The shutter speed is the setting of the camera that opens and closes the shutter to let light in and take a picture. The shutter speed indicates how long the shutter remains open, written in seconds or fractions of a second, such as 1/200 s. or 1″, where the symbol ” is quite often used to denote a whole second.

If you reduce the time your camera’s eye is open by half (shutter speed), you then get half the ambient light in your image.

The longer the shutter remains open, the more light is let in. So why don’t we just leave the shutter speed setting as long as possible?

Because anything that moves when the shutter is open will be out of focus and blurred, and if the whole camera moves with the shutter open, the whole image will be blurred.

Does Shutter Speed Affect All The Brightness Of An Image?

Changing the shutter speed affects the ambient areas of your image. The faster the shutter speed, the darker these areas become.

What About A Flash Or Strobe?

The amount of light you get into the picture with a flash or strobe is not affected by the shutter speed, because a flash only flashes for a fraction of a second. Changing the shutter speed has no effect on how much stroboscopic light appears in your picture.


The ISO value determines how light-sensitive the camera is. For example, an ISO value of 100 means that the camera is not very sensitive – ideal for daylight shooting.

An ISO value of say, 3200 or more means that the camera will be very sensitive to light, so you can use this higher ISO value for low-light shooting. The downside to increasing your ISO value is that the higher the ISO value, the more noise you start to introduce into your images, resulting in a more “grainy artifacts” in the image.

While you still need to be careful when raising your ISO as to not introduce too much noise into your image, it’s not as much of an issue as it used to be.

Older models of DSLR cameras were notorious for introducing a lot of noise into a picture but nowadays, a lot of the newer model cameras, from Canon, Sony, Nikon, etc have much better camera sensors and can handle much higher ISO levels with minimal noise in an image.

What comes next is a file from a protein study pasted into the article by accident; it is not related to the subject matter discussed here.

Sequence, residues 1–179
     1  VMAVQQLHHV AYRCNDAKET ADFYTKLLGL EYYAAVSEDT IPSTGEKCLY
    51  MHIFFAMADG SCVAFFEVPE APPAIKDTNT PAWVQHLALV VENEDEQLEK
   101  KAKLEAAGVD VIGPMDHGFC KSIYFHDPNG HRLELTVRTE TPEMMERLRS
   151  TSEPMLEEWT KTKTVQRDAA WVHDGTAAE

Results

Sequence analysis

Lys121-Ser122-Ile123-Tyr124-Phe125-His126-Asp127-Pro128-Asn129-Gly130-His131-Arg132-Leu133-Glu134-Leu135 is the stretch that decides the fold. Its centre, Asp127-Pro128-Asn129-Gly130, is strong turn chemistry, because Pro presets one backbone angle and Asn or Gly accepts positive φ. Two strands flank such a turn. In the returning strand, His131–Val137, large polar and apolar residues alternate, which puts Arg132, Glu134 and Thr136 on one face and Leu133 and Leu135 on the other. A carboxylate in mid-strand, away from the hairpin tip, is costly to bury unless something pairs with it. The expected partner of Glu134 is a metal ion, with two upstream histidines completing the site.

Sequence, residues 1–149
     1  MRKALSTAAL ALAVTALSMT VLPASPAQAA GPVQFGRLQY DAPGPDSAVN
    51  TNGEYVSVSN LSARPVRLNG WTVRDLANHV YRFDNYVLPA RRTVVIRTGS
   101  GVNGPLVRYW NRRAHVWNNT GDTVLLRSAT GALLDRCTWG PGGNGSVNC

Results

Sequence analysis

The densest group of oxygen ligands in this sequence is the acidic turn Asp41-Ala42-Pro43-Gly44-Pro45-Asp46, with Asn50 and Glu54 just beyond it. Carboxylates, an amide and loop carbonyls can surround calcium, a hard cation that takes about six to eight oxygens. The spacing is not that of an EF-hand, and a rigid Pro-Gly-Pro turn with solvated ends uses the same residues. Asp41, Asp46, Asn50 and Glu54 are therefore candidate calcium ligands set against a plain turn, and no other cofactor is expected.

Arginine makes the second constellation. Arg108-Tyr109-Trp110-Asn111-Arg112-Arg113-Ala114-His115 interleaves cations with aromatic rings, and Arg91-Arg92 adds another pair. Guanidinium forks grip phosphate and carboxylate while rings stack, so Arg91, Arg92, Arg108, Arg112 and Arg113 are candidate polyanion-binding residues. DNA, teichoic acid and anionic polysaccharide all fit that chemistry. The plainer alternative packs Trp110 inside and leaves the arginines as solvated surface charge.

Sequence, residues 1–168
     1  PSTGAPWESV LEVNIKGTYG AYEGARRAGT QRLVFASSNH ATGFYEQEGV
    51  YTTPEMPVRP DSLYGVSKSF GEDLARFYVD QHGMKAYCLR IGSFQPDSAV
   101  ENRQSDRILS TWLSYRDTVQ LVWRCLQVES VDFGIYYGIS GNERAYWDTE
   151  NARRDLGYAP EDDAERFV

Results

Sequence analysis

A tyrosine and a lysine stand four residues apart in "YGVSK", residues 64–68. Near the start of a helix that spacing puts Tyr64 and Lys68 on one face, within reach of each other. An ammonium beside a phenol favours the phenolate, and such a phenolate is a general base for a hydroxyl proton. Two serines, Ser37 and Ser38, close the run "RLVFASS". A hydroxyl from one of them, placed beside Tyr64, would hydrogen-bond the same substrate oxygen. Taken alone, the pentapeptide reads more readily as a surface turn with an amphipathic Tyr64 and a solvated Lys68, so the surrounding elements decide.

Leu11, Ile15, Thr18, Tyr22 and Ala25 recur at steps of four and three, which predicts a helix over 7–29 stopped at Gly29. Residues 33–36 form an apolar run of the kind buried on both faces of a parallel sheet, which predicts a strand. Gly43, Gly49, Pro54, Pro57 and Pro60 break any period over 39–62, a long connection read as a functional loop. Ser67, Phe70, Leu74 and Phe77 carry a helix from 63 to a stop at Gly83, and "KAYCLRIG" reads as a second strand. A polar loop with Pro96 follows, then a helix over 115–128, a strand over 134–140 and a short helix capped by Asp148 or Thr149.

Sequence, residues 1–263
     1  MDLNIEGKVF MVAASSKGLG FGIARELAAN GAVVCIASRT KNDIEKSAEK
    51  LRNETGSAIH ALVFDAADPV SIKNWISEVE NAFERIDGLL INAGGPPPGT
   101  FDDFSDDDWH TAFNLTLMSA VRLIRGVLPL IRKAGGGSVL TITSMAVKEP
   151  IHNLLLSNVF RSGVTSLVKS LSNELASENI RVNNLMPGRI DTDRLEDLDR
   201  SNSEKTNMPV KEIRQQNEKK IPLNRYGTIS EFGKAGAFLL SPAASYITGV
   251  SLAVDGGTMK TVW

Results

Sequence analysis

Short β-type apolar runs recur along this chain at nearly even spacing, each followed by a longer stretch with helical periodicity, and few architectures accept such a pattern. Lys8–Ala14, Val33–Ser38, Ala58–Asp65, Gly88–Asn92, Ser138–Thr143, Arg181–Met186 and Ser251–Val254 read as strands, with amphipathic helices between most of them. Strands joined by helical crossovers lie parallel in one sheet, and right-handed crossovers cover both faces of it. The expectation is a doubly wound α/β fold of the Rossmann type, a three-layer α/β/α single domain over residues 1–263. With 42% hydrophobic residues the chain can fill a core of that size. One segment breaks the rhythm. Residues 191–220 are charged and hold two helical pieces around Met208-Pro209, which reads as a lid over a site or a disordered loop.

Like all things, I recommend you test the threshold of your camera to see what you’re happy with when raising your ISO.

Lastly, when it comes to ISO, especially during any form of low-light photography, it is usually the last of the settings to change, as you really don’t want to introduce any more digital noise into your image than needed.


Low-light photography does take a little more effort than regular daylight photography. You’ll need to adjust a combination of the three components (exposure triangle), aperture, shutter speed and ISO to capture that perfect shot.

Hopefully this article has helped you get a bit more understanding of what those three do and why they’re so important.

To learn more about night photography, visit www.nightskypix.com

Carlo Piscioneri

Carlo is editor in chief at NightSkyPix.com. You’ll often find him in the backyard testing out different equipment or techniques to try and improve his images. He loves to write about all things night photography and can’t wait to share what he has learned with you.

NightSkyPix is a site dedicated to astrophotography. When it comes to night photography, there are many, many options when it comes to equipment, configuration, and even what to shoot. Things can get complicated quickly, so the aim is to help simplify and teach readers by sharing great guides, tutorials, reviews, and resources.

Jeff Goodman

Jeff Goodman

Jeff Goodman is the Conservation editor and also the Underwater Videography Editor for Scubaverse.com. Jeff is an award winning TV wildlife and underwater cameraman and film maker. With over 10,000 dives to his credit he has dived in many different environments around the world.